0:00 - Today in 3D printing news we have trucks, trains, olympics and the world’s largest 3D printer. Let's dive right in!
Re-uploaded from August 25
0:09 - FORD offers 3D-printable Organizers
Starting off with the Blue Oval from Detroit, we’ve got Ford launching a program to help owners easily design and create their own 3D printed accessories, for their brand new Maverick truck. This is actually a pretty neat idea -- at the simplest level, they integrated some t-slots around the truck, which you can print custom organizers for. They call it the FITS system, or Ford Integrated Tether System, and it’s really just a series of mounting slots for organization, in the center console and under the seats.
If you want to design your own part, a QR Code will link you to download slot geometry along with a few pre-made accessories. For automotive 3D printed customization, this definitely beats out a lot of what we’ve seen in the past, like those custom 3D printed badges you could get with Mini’s that no one ever really used. Leave it in the comments section what you’d want to make in your truck
1:37 - 3D Printed Railways
Moving right along we have the UK’s brand new high speed rail network implementing 3D printed concrete structures to help deliver environmental, cost and community benefits. How? This isn't just your average 3d printed concrete. The high speed rail line will be using graphene-reinforced concrete developed by ChangeMaker 3D. Let's take a closer look!
The appropriately named “Printfrastructure” will consist of a series of robots that can create structures on site, cutting down on labor, time and costs associated with the traditional method of transporting pre-cast slabs through roadways. The graphene laced concrete is another big innovation in this project as well, cutting down the use of steel reinforcement that’s traditionally present in concrete construction. This improves construction safety, flexibility, shortens build times and supposedly decreases the carbon footprint.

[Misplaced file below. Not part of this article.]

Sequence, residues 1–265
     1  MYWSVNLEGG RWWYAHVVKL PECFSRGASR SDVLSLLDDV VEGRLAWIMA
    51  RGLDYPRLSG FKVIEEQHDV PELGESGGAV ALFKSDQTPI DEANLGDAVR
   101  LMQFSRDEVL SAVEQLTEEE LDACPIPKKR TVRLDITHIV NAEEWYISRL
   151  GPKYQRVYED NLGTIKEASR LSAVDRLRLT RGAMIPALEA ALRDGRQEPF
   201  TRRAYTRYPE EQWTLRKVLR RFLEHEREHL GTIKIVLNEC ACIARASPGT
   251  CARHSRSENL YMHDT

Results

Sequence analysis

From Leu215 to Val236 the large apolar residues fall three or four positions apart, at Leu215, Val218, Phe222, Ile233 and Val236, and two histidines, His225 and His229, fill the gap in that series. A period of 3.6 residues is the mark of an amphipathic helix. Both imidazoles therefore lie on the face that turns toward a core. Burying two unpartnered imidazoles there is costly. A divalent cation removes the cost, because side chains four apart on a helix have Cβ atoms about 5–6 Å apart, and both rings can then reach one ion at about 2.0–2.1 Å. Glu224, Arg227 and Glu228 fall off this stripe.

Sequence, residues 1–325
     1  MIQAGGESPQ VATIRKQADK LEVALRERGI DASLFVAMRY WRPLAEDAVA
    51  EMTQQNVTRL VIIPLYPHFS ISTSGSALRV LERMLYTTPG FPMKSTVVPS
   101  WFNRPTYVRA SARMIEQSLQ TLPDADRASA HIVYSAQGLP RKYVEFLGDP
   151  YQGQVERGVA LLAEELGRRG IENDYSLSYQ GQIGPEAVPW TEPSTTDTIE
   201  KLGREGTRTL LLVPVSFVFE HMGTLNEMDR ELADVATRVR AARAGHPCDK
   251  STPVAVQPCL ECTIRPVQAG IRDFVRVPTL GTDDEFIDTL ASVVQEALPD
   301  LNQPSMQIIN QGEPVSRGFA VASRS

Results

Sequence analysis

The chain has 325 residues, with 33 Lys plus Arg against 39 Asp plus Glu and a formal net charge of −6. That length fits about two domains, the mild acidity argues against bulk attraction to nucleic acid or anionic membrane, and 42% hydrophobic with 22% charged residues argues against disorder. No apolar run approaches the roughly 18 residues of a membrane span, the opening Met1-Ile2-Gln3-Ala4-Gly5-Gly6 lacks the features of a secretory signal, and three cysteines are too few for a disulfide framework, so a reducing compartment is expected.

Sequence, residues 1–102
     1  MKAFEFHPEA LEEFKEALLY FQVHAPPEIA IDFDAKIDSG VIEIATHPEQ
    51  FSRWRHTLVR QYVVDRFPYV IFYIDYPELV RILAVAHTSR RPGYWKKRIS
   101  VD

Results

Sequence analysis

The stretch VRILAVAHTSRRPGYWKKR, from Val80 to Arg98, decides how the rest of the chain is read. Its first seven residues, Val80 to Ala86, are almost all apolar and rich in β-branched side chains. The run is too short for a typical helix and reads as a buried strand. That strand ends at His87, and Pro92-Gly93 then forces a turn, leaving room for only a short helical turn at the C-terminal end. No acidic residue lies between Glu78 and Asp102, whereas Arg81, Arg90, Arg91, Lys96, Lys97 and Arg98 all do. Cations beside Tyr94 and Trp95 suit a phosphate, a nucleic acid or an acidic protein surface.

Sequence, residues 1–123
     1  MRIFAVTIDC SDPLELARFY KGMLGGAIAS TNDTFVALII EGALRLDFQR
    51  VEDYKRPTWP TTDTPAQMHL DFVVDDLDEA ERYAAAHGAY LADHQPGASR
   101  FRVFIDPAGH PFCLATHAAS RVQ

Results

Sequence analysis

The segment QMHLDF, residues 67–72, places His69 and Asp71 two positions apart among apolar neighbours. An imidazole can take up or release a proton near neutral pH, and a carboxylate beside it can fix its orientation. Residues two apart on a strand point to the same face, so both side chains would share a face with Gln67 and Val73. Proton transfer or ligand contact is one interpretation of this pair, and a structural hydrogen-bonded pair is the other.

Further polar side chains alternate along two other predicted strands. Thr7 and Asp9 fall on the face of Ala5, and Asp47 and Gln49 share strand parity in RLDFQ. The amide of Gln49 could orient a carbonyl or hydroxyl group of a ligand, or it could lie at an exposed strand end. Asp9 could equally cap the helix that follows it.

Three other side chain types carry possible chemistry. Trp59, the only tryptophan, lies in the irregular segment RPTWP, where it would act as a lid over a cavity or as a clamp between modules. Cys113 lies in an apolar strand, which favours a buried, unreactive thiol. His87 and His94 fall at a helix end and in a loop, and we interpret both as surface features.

2:47 - 3D Printed Archery Winners
Moving right along, did you know that 3D printing helped South Korea win the Gold Medal in Archery at the Tokyo Olympics this year? That’s right -- additive manufacturing, every step of the way. The Hyundai Motor Group 3D printed custom grips for the archers that won gold in the men’s, women’s and mixed categories at this year’s Olympic games. 3D Printing has really started to make its mark in the world of sports and particularly at this year’s Tokyo Olympics. The South Korean archery team isn't the only one furthering their athletic performance with additive manufacturing. Other sports like cycling, track and field and even the Olympic podiums have all found ways to improve upon the status quo with the help of 3D printing.
3:57 - Markforged Paralympics
We’ve also got Markforged helping out with the Paralympics -- with prosthetics and custom equipment being, at least traditionally, VERY expensive to create, 3D Printing adds a whole new dimension to the paralympic games. The complex, very individual needs of these athletes is a task perfectly suited for 3D printing, and that’s what 3DVerkstan and SolidPrint 3D in the UK have been working on -- not only creating perfect prosthetics, but bringing the costs down significantly, while still creating very strong, dynamic parts.
4:30 - US Army Worlds Largest 3D Printer
And finally we have the US Army with plans to create the world’s largest 3D printer! If that wasn’t crazy enough, the U.S. DEVCOM Army Ground Vehicle Systems Center who’s ordering this behemoth is also requiring it to print in metal. Now you might be wondering, how big is this thing? The build volume for this monster of a 3D printer is a staggering 30 by 20 by 12 feet! That means the build volume alone is not too far off from the size of an average apartment! Called the Jointless Hull project, it is being led by ASTRO America, a nonprofit formed to advance American competitiveness in key defense industries.
The machine’s primary purpose is to create large components for military vehicles, namely creating monocoque-like structures due to their extra strength and weight savings that traditional manufacturing methods struggle with. The machine is expected to be ready in 14 months and will be installed at and operated by the Rock Island Arsenal - Joint Manufacturing and Technology Center.
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